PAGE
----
An inclusive early childhood classroom space is an intentional environment that promotes both physical and emotional development. In this episode, host Nancy Chung interviews early childhood expert Jennifer Fernandez, and we welcome back Cecilia Cruse, MS, OTR/L, to discuss ways to create an early childhood space and how to modify it to encourage independence and inclusivity.
Table of Contents
Lively and Engaging Environment
Important considerations for creating an engaging early childhood space include providing a clear spatial boundary definition. If deep touch pressure input isn’t available, there are many items that can be used as spot markers. Commonly used in physical education, a set of colored tiles or tactile shapes work well as visual “seed spots” to set clear boundary expectations.
Many of our children need that extra boundary input so they know where they are in space, because their own body doesn’t register well enough yet. So those are kids that fall off their chair or crash into other kids. We have to set up very clear boundaries that give deep touch pressure to their body, if possible. But if not, at least a visual cue, like a spot marker or painter’s tape on the floor, whether it’s color-based or shape-based, so they know where they belong in space.Cecilia Cruse
Open, Spacious, and Clutter-free
An early childhood classroom should include items that are purposeful and intentional. Everything from acoustics to color palette will affect young learners. The right manipulatives should be inclusive and help students develop fine motor skills. If there’s too much color or the room is too bright, light-dampening shades can help relieve added stress and overstimulation from fluorescent lighting.
The teacher should be able to know the ‘why’ behind everything in your classroom. Why are you using this piece of furniture? Why do you have this material out? Which is kind of a daunting thing to think of as a teacher. Can I explain everything in my classroom? But if you have been purposeful and intentional, you should be able to do that.Jennifer Fernandez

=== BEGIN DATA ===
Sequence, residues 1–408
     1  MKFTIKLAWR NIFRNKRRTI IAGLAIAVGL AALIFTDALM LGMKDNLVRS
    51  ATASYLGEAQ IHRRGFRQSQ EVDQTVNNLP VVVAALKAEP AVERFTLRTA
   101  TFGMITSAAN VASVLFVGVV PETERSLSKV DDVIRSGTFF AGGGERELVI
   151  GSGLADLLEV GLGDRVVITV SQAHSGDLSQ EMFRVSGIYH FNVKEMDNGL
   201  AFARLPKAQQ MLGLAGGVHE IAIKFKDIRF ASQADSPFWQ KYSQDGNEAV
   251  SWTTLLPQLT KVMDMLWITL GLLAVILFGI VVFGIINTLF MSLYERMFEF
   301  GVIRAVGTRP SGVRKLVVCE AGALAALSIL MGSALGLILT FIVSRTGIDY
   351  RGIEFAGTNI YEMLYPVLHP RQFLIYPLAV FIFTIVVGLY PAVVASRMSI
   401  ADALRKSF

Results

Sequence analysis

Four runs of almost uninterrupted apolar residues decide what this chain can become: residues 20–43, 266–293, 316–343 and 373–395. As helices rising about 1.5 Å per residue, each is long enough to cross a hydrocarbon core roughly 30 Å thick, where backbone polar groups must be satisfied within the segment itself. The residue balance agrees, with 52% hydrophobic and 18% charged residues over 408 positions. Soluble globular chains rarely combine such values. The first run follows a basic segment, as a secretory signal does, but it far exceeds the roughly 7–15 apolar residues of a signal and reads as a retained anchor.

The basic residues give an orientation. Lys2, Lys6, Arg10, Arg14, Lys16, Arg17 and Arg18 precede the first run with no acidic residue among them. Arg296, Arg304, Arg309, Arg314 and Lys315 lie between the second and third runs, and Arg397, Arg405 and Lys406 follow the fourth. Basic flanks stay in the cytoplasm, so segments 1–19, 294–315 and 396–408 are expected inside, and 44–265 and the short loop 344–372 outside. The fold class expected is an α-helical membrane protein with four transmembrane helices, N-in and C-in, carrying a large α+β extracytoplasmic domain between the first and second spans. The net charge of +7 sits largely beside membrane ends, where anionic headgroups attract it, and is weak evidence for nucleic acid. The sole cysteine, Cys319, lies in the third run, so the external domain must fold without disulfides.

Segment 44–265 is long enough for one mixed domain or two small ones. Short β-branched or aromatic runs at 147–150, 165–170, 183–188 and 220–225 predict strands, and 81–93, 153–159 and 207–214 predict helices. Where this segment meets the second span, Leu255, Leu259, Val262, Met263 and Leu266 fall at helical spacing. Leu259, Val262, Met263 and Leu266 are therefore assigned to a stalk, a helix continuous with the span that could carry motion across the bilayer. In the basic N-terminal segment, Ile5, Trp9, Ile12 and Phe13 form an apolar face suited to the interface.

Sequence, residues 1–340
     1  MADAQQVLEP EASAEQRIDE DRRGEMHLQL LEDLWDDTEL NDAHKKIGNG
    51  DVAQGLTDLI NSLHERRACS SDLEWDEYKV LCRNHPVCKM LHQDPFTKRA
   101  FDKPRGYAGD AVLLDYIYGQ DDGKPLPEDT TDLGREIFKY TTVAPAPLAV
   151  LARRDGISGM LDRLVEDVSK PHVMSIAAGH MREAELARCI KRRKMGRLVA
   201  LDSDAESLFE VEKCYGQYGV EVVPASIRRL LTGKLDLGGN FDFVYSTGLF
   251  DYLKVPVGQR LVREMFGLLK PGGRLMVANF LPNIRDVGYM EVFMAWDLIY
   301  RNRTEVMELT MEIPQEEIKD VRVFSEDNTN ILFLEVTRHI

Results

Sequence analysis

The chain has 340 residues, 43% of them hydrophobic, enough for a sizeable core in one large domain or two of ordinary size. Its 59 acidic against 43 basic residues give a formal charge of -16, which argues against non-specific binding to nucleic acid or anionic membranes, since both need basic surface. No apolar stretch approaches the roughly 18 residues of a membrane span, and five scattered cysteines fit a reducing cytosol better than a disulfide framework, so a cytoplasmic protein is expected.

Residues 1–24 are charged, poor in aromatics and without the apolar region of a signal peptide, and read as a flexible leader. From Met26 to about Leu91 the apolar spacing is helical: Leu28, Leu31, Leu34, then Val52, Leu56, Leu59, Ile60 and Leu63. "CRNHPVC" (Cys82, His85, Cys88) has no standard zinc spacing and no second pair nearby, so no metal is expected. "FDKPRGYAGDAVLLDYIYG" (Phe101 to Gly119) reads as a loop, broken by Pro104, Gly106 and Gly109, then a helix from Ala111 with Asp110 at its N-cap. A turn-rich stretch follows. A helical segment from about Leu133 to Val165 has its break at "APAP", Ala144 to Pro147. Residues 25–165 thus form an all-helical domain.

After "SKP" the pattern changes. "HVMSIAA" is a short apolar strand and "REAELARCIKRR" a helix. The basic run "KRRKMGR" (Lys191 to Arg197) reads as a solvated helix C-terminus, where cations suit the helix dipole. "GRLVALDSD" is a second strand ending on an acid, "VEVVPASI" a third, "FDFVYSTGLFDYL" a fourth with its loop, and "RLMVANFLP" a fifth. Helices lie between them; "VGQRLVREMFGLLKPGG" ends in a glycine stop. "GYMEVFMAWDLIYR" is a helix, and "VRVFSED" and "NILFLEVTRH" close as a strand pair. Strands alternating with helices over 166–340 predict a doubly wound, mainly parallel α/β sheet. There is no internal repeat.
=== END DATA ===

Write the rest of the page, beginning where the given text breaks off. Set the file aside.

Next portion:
Encourage Independence and Inclusivity
As discussed in a previous episode, there are a number of ways to create an engaging sensory space that’s suitable for everyone. You can even turn common classroom materials into adaptive tools that promote inclusivity in the classroom. An inclusive universal design is adaptive for students with special needs and encourages independent learning for all early childhood students.
Jennifer Fernandez – Early Childhood Subject Matter Expert at School Specialty
Jennifer has over 30 years of experience in education. She has a BA in Elementary Education & Spanish and a Master’s in Bilingual Education. She has taught PreK4-2nd grade in general & bilingual/dual language settings in Texas, Minnesota, and Mexico City. She was a professional learning specialist for PreK4SA in San Antonio for seven years. Jennifer is currently the national Early Childhood Subject Matter Expert at School Specialty, where she supports sales, marketing, and merchandising in the early childhood category, provides professional development, and presents at state and national early childhood conferences throughout the country.
Cecilia Cruse MS, OTR/L – Special Needs Subject Matter Expert at School Specialty
Cecilia received her BS degree in Occupational Therapy from the University of Florida and her Master’s in Education from Georgia State University. She is SIPT (Sensory Integration & Praxis Test) certified. She has over 30 years of experience in pediatrics with school-based services (including preschool and Head Start programs), acute care, and outpatient pediatric settings, including Augusta University in Georgia and Children’s Healthcare of Atlanta at Scottish Rite. Cecilia has experience as a consultant, author, and lecturer, including TV appearances such as CNN’s Health Watch. She has authored multiple articles for professional periodicals and magazines and has served as a trainer, consultant, and service provider in several school systems. Cecilia is currently the Subject Matter Expert for Abilitations and School Specialty’s Special Needs Division, where she frequently consults with Learning Environment Specialists to make recommendations for inclusive and sensory-friendly spaces and classrooms. She also lectures nationwide on practical sensory solutions for educators and therapists.